Social solidarity for real change
In Myanmar a fragile decade of democracy has suddenly been snuffed out by a military coup. The country’s elected leaders were taken away in military vans in the dead of night, and slapped with flimsy charges that do not even begin to obscure the blatant power struggle at play. Water cannons, rubber and live bullets have been fired at peaceful protesters, and night-time arrests have bred an atmosphere of fear. It is a tragedy for the people of Myanmar who have already suffered much under generations of military rule.
And yet, there is much reason to admire and respect how the people of Myanmar have so quickly organized themselves and met the might of the military head-on with the only weapons they could muster: their own bodies. In day after day of mass protests, ordinary people have taken to the streets, risking arrest, injury, and even death to defend their freedom and each other. Government workers at all levels have sacrificed their livelihoods by going on strike in a growing civil disobedience movement, and others have helped by creating and donating to a fund to support them. In the terrifying nights, people bang pots and pans to warn their neighbors of approaching police, and gather on the streets to surround police vehicles, using their own bodies to shield those in danger of arrest. The military’s weapons of violence have called forth a more formidable force: the solidarity and nonviolent resistance of a people determined to care for each other.
I wonder if the ordinary people now engaging in such acts of bravery had known in the preceding days that they were capable of such courage and generosity of spirit. In Pope Francis’ new book, “Let Us Dream,” he writes: “In the trials of life, you reveal your own heart: how solid it is, how merciful, how big or small. Normal times are like formal social situations… You smile, you say the right things… without ever having to show who you really are. But when you’re in a crisis, it’s the opposite. You have to choose. And in making your choice you reveal your heart.”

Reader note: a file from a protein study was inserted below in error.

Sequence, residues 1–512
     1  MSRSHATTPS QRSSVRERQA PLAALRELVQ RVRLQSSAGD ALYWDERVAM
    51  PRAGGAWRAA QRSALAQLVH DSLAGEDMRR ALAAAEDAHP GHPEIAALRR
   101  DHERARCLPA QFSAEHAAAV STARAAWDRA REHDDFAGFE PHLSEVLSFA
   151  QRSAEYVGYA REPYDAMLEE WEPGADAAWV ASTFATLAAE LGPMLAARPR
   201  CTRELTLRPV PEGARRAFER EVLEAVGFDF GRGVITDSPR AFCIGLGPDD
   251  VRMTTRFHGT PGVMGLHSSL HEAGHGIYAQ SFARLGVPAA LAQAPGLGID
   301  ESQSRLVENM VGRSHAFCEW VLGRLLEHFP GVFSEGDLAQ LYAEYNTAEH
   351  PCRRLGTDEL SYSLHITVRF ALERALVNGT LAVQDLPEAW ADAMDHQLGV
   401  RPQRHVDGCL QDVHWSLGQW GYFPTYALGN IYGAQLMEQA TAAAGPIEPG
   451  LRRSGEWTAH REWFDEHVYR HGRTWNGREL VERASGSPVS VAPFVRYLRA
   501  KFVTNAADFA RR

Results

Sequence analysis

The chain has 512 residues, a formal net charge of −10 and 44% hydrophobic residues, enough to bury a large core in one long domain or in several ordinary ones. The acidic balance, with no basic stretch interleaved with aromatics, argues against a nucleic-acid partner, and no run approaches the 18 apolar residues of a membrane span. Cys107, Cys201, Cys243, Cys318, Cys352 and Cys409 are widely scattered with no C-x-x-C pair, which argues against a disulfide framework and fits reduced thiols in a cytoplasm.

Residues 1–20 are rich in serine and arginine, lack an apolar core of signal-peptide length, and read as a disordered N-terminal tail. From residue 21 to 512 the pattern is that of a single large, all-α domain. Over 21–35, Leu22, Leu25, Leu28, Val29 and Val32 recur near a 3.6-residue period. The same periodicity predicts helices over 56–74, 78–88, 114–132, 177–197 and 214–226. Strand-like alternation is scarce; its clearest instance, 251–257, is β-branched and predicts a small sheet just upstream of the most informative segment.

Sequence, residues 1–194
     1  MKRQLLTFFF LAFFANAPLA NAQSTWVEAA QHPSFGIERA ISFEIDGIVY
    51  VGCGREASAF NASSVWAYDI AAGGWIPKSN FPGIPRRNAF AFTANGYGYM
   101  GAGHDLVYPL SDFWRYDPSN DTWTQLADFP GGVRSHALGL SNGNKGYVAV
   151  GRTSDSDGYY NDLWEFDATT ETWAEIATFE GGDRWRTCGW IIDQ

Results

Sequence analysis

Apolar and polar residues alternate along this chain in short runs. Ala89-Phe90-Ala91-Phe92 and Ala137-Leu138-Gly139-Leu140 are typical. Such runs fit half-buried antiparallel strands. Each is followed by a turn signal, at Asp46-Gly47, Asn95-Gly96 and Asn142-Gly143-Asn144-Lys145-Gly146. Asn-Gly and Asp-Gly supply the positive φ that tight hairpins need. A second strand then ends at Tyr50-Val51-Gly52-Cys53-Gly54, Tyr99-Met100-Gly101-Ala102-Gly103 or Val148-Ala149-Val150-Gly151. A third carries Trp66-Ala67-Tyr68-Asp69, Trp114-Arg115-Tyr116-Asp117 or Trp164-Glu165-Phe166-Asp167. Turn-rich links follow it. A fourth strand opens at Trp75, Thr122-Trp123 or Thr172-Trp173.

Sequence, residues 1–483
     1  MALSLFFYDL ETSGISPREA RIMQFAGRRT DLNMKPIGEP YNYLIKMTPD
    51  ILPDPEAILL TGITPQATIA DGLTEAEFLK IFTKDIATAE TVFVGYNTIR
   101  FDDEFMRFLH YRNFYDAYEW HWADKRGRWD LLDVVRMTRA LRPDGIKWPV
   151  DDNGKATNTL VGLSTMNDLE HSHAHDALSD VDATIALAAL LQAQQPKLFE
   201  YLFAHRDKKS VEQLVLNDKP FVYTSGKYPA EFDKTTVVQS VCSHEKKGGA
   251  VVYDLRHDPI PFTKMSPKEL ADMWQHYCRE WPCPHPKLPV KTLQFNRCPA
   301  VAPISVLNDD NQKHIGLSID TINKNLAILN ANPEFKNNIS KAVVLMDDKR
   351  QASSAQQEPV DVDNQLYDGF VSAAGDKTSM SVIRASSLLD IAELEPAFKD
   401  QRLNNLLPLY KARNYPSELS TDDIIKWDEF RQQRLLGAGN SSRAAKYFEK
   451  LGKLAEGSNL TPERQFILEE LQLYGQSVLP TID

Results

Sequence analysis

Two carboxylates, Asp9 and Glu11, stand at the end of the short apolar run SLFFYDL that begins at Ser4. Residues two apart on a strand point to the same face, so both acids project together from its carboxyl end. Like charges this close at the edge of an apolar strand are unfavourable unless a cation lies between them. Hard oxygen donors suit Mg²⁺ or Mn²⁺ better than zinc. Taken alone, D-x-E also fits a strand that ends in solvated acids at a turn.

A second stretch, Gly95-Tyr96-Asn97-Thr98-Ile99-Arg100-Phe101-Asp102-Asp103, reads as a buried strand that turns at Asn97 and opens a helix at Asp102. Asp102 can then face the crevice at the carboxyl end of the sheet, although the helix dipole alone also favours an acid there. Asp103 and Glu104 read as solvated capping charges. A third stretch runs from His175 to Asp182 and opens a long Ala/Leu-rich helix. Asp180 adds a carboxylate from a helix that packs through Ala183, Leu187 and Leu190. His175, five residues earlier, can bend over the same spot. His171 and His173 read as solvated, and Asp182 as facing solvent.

In this time of crisis, the people of Myanmar have shown us the extraordinary capacity of the human heart to choose freedom and solidarity in the face of tremendous odds.
What can we say about our own hearts? No doubt these scenes of nonviolent resistance bring to mind our own country’s bloodless revolution in 1986, when prayer, solidarity, and compassion prevailed over the might of a dictatorship. But how have we fared since then? Perhaps what does not happen in a crisis is also revealing. How have we not responded to the crisis of the drug war in which thousands of the poor have been killed on our streets? To the crisis of rampant inequality that has left so many jobless and hungry while others enjoy luxurious lives in walled-off subdivisions? To the crisis of education in which our children in public schools struggle even to read, and come out rock-bottom in various international rankings?
When vaccines finally arrive in our country (having been delayed because rich countries have bought up the lion’s share of the world’s supply), do we even dare to hope for equitable distribution?
These days, the Catholics among us have begun observing the season of Lent, when one is invited to become more aware of the reality of sin in our lives, return to a God who loves us, and welcome God’s merciful and healing grace into our brokenness. This year, perhaps it is an opportunity to look beyond ourselves to our society, and the social sin that has oppressed and marginalized so many of our brothers and sisters. Much of the suffering, perhaps, comes from factors beyond our control. And yet it is also true that each of us is complicit in the kinds of political, economic, and social structures that enable injustice and keep many in our society excluded from the basic goods that we all should share.
May we, like the people of Myanmar—and as we ourselves have done in the past—have the courage and generosity to go beyond indifference, and choose the kind of solidarity with each other that is our only hope for real change.
Jose Ignacio Reyes is a fellow of the John J. Carroll Institute on Church and Social Issues.
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